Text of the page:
Endometriosis

It is estimated that between 10% and 20% of American women of childbearing age have endometriosis.

Endometriosis is defined as endometrial tissue that grows outside of the uterus and implants itself on adjacent pelvic organs, such as the ovaries, Fallopian tubes, vagina, sigmoid colon, pelvic ligaments, ureters, rectum, or bladder. Because of their responsiveness to hormonal stimulation, these tissue implants may become inflamed or swollen, cause bleeding or pain, or produce scar tissue around the area of endometriosis. Another concern is the ability of the implants to create structural changes in the pelvic cavity that can affect functioning of the reproductive organs and have a negative impact on fertility.

Chinese medicine treatment of endometriosis

Chinese medicine, acupuncture, herbs, dietary and nutritional therapy, and reproductive organ massage are effective in managing symptoms and slowing the progression of endometrial tissue growth, while preserving fertility for those who wish to become pregnant. A number of different treatment options are prescribed, depending on the specific presentation involved for each patient:

Acupuncture can be used to control pain associated with endometriosis as well as improve fertility, regulate blood flow and address immune system imbalances. Due to acupunctures effect on the endocrine system, it can also be used to help normalize hormonal disorders.

Herbal formulas are prescribed to help the body regulate abnormal cellular growth and slow the progression of the disorder. They can also be used at specific times in the menstrual cycle to control pain.

Massage and physical therapy can prevent and attempt to correct structural imbalances caused by endometrial implants.

Nutritional and dietary therapy are used to improve the functioning of the immune system. Certain foods may also regulate estrogen and progesterone balance and contain prostaglandins to help with inflammation.

Food allergies and intolerances are common in patients with endometriosis. Removing the offending food from the diet can reduce the burden on the immune system and thus alleviate symptoms.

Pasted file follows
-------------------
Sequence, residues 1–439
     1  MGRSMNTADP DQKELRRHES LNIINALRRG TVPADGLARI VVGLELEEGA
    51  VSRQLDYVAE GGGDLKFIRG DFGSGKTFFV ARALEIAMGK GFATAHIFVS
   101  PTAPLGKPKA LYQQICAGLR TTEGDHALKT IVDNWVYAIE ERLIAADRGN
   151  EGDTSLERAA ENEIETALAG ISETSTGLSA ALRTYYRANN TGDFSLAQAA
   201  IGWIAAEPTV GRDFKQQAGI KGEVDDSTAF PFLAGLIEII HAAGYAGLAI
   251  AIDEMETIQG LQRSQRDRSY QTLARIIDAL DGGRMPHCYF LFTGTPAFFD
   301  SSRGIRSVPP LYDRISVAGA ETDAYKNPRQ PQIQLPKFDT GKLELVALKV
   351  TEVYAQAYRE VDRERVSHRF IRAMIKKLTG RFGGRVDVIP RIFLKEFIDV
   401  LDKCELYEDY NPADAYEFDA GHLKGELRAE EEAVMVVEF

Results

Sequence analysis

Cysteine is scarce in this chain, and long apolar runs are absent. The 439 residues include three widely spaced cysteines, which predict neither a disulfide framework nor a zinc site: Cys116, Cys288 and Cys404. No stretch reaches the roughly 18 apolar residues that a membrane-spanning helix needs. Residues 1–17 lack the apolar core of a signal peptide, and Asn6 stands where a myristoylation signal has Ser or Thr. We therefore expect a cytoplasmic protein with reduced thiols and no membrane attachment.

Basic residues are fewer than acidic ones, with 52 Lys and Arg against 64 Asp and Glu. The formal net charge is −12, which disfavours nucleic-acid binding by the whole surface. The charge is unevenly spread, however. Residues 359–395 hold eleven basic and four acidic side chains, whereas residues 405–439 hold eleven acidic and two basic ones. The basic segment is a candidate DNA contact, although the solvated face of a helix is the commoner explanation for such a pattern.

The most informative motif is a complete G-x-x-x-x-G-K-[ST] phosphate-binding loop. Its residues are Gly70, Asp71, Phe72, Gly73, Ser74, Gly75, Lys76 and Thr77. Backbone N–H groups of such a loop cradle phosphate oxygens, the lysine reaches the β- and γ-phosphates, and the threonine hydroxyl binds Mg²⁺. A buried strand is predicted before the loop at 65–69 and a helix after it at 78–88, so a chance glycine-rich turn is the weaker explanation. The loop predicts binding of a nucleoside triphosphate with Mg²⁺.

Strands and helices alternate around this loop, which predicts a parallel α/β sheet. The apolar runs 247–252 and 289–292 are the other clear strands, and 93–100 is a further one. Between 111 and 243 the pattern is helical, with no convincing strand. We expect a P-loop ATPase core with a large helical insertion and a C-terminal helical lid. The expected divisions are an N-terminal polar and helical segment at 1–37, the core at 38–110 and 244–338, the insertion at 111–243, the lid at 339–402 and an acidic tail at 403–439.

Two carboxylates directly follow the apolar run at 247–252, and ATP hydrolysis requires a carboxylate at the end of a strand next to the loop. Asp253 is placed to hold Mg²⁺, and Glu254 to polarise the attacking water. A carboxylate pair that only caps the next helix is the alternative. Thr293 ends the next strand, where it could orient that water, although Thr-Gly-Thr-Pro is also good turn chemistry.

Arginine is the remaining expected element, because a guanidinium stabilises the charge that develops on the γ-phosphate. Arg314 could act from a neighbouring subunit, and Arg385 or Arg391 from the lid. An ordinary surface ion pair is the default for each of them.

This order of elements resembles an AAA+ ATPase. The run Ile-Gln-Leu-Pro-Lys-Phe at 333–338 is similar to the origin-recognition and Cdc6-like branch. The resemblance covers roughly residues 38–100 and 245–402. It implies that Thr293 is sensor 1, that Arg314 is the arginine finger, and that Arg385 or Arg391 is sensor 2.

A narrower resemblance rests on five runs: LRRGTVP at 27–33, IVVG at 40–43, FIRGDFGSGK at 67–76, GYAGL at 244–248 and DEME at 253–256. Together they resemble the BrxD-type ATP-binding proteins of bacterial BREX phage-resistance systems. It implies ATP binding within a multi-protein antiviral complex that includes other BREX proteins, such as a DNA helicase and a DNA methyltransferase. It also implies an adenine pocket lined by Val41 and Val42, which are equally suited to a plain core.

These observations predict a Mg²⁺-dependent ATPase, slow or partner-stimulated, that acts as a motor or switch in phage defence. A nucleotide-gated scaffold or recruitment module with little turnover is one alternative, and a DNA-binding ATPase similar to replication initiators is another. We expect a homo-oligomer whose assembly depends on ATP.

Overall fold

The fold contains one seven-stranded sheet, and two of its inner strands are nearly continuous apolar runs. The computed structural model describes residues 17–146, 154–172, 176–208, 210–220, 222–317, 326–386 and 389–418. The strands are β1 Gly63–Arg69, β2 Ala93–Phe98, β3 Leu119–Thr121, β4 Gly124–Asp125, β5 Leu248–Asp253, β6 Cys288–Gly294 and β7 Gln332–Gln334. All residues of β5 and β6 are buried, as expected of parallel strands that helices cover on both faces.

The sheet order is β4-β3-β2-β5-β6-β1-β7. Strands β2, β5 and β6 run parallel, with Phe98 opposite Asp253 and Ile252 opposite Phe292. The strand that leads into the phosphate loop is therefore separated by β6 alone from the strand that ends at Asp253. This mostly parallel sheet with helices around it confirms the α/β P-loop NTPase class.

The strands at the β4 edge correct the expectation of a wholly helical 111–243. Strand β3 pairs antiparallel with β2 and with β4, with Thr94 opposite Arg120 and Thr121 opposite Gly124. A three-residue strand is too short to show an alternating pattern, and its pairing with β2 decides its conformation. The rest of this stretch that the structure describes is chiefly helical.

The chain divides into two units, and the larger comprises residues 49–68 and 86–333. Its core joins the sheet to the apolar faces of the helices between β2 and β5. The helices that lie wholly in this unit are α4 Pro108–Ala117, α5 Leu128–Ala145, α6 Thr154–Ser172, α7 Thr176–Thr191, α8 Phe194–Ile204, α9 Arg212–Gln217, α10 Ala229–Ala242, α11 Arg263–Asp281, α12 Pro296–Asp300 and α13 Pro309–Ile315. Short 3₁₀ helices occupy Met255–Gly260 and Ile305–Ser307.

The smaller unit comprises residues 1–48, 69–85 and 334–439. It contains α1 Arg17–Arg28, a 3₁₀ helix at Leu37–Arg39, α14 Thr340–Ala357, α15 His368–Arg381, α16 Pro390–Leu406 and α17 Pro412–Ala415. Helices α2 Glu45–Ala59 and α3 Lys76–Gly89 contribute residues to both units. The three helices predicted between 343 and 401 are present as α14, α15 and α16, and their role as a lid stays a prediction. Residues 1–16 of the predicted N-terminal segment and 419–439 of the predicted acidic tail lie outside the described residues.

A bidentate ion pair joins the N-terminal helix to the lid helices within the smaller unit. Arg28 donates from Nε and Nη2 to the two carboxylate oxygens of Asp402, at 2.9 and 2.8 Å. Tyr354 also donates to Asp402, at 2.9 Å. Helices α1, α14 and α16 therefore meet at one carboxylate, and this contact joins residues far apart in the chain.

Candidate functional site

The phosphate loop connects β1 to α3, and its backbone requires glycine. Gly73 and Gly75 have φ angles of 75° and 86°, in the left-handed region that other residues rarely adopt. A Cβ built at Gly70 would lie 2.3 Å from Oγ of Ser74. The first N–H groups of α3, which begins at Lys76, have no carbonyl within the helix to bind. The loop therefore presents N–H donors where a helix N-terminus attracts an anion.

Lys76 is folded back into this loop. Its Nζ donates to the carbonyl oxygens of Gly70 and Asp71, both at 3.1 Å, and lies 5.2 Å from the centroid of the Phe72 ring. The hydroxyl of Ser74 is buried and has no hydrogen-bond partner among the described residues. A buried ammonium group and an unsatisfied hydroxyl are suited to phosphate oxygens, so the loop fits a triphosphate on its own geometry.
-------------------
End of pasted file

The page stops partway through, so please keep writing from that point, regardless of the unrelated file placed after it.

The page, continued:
Avoiding products containing xenoestrogens is important, since they can increase growth of the endometrium.

Coffee, alcohol and recreational drug use can impact liver clearance of estrogen and make symptoms worse.

Serotonin modulation can be used to increase the pain threshold in low-serotonin patients.

Possible causes of endometriosis

While the cause of endometriosis is still unknown, many theories exist that help explain its pathology and progression. These theories include:

Retrograde menstruation — This theory suggests that endometrial debris exits the uterus through the Fallopian tubes during menstruation, and attaches itself to the lining of the abdominal cavity, proceeding to invade the tissue as endometriosis.

Genetic predisposition — It is well recognized that women with a first-degree relative affected by endometriosis are about ten times more likely to develop the condition themselves than are women with no family history of endometriosis. It is thought this may be due to inherited hormonal imbalances that contribute to the proliferation of endometriosis.

Immune system malfunction — There appears to be a correlation between autoimmune disease, allergic reactions, and the impact of toxic exposure with endometriosis. However, more research is needed to explore the subtle interrelationship of these factors. The immune system is also closely involved with the retrograde menstruation theory.

Estrogens — Endometriosis is an estrogen-dependent condition seen mainly during the reproductive years, when women have higher estrogen exposure. Occasionally endometriosis continues after menopause or hysterectomy; this may be related to aromatase, an estrogen-synthesizing enzyme produced by endometrial implants.